Does anyone recognise the signature in this book inscription?

autobunny
EscherehcsE wrote:
autobunny wrote:
EscherehcsE wrote:
Daniel2340 wrote:
Bamboo58 wrote:

Thank you Quasimorphy 

I think you have found it!! I will research this person some more. Thanks again.

He died before the date on the signature

I noticed that, too. Very odd. Also, this source has the same date of death:

http://mlslegalscholarshipdatabase.law.unimelb.edu.au/biogs/3029b.htm

Day/month/year

Those crazy Aussies...

Actually most countries use this 😊

EscherehcsE
autobunny wrote:
EscherehcsE wrote:
autobunny wrote:
EscherehcsE wrote:
Daniel2340 wrote:
Bamboo58 wrote:

Thank you Quasimorphy 

I think you have found it!! I will research this person some more. Thanks again.

He died before the date on the signature

I noticed that, too. Very odd. Also, this source has the same date of death:

http://mlslegalscholarshipdatabase.law.unimelb.edu.au/biogs/3029b.htm

Day/month/year

Those crazy Aussies...

Actually most countries use this 😊

Well that's just crazy...or maybe I'm crazy...I know someone's gotta be crazy...

Gomer_Pyle

Purdy and Woinarski were about the same age playing in Australia from around the mid 1920s. They both played in the 1926 Australian Chess Championship, which was won by Purdy's father-in-law.

Here's a game between Purdy and Woinarski I found on the very interesting Melbourne Chess Club web page.
Melbourne Chess Club

 

Gomer_Pyle

Woinarski must have given the book to Purdy shortly before his death. It may have been a last gift to an old friend. They knew each other most of their lives.

jjupiter6
EscherehcsE wrote:

I've wasted probably 15 minutes trying to decipher the inscription. I got most of it, but what's the phrase after "happy memories"? Is it "of hard encounters"? (The guy had/has the absolute worst handwriting, lol.)

They both would have been elderly at that time, so their hands would not have been as steady as in their youths.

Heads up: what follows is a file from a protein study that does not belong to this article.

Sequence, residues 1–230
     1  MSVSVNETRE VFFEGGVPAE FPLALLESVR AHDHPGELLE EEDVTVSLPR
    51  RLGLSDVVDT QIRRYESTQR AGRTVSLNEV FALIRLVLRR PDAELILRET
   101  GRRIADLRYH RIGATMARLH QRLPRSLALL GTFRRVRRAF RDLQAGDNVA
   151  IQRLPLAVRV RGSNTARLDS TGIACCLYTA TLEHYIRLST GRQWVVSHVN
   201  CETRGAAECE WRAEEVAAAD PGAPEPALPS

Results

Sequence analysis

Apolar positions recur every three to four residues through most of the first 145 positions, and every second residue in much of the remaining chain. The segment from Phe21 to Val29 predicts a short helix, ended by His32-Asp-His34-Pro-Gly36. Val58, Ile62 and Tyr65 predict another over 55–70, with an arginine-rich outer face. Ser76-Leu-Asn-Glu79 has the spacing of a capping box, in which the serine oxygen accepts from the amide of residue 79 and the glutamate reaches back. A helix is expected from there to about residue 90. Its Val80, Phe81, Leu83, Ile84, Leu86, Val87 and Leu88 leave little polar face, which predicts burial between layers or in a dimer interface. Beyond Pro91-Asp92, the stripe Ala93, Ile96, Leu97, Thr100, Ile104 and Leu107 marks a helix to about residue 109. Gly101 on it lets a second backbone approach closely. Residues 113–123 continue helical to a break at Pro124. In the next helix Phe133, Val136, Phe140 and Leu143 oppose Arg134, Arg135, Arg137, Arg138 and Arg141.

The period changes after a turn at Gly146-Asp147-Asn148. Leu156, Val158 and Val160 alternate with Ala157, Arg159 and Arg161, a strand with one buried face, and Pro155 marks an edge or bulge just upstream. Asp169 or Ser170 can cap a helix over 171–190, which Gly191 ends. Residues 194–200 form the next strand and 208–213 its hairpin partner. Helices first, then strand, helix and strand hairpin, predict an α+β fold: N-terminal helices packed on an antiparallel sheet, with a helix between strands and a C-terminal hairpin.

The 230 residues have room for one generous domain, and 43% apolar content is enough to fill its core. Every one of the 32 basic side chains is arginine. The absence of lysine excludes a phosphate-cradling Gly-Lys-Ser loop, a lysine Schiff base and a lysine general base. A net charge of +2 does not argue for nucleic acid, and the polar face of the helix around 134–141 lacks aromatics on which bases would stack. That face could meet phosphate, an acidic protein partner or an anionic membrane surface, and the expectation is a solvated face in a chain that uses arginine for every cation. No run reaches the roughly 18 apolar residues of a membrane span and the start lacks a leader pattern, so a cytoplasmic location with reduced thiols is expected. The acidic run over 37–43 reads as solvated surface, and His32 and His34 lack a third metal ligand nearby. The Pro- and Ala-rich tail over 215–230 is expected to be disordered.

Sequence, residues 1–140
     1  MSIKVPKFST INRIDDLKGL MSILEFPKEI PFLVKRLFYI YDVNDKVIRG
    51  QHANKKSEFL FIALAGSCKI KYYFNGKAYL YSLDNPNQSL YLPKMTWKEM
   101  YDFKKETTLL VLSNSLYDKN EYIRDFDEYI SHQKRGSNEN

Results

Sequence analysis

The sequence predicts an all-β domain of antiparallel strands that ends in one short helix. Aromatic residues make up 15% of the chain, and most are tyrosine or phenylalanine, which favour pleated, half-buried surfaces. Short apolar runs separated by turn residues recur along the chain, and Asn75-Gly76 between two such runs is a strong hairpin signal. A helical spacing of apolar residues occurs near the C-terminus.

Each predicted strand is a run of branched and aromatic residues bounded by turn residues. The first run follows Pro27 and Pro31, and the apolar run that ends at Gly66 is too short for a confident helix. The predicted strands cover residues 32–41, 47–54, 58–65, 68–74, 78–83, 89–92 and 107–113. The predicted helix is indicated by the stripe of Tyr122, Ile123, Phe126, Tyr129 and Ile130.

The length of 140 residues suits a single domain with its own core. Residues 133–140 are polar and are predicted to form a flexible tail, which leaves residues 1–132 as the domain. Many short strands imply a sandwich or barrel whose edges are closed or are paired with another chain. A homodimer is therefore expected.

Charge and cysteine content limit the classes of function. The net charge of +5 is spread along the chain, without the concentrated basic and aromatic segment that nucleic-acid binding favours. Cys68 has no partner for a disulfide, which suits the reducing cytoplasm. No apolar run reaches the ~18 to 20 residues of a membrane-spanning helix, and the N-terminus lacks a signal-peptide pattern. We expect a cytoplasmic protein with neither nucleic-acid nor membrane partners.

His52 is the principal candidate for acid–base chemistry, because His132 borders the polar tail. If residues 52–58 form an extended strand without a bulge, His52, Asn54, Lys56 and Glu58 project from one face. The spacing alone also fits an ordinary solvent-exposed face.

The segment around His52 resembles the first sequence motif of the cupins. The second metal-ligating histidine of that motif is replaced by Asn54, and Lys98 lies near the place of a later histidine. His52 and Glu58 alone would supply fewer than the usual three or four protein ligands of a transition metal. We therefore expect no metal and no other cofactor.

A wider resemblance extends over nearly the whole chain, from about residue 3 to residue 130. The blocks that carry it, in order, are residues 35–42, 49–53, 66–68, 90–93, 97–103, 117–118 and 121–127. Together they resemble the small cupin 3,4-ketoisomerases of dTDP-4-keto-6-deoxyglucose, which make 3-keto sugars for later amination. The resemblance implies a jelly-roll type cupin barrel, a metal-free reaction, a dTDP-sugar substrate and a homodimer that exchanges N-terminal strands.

TackTick

To       C.J.S Purdy

     with compliments and many

      happy memories of past encounters.

                          SHZWoinarski

                                      6/1/73

Bamboo58

Thanks to all for your assistance. I am very sure we have the right person. His day job was a lawyer and perhaps a lecturer in law and eventually rose to a judge in the judicial system. He finished second in the Australian Chess Championship in 1926 and led for most of that tournament but not at the conclusion. It was said 'he appeared from nowhere" to achieve this result. He was a prominent player with some credible results in Australian chess circles at that time. According to one source "He believed that in chess one should seek, not correctness, but chances, and his vigorous style produced sparkling games during a few years of competitive play."

RussBell
Bamboo58 wrote:

Good point RussBell. New photo of inscription posted above. 

Thank you.  The suggestion by Gomer_Pyle regarding opening the image in the web browser can be accomplished in Chrome browser by right clicking on the image and selecting "Open Image In New Tab".  The image that opens in the new tab is an enlarged version of the original image.  Unfortunately I still do not recognize the signature in question.

Gomer_Pyle

Enlarging only helped me a little, hence my wild guesses at the name. I certainly wasn't getting Woinarski out of it but I have no doubts he's the right guy.